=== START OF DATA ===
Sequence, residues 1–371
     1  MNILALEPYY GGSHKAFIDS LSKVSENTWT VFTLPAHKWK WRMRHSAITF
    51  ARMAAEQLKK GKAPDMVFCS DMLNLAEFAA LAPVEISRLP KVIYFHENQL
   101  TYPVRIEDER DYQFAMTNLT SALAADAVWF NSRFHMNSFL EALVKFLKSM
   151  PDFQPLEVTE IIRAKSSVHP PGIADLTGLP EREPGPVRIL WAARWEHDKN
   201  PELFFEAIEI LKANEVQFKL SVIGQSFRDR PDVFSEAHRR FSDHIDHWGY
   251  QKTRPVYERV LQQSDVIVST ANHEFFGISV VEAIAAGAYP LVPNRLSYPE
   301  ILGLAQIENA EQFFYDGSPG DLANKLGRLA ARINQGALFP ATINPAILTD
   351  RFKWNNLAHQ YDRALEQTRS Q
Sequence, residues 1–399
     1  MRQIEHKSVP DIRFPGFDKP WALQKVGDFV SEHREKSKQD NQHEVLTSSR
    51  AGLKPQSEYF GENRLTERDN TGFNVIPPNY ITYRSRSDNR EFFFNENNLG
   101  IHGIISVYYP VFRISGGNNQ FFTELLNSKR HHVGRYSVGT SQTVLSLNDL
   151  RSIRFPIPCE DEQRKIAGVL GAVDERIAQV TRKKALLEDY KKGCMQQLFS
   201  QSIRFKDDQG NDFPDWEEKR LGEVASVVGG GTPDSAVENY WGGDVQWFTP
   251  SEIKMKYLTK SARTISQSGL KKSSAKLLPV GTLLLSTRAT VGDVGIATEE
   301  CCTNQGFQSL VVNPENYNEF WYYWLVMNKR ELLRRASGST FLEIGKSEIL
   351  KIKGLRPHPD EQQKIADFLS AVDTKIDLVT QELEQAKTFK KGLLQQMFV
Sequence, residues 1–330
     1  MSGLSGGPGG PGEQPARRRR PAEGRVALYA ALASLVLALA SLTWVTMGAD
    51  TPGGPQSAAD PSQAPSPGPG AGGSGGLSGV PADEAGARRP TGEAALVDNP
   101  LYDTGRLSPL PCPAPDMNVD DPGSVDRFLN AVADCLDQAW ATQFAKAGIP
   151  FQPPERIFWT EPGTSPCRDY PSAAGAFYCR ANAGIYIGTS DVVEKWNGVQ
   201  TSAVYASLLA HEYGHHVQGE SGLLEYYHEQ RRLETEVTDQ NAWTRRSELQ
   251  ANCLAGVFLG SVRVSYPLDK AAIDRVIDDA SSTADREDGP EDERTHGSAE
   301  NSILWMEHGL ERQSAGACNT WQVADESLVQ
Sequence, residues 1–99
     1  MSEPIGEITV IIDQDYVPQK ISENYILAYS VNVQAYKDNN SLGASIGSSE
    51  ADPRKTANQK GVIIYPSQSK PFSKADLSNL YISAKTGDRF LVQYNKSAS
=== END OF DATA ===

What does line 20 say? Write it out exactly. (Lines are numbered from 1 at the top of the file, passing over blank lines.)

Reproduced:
     1  MSGLSGGPGG PGEQPARRRR PAEGRVALYA ALASLVLALA SLTWVTMGAD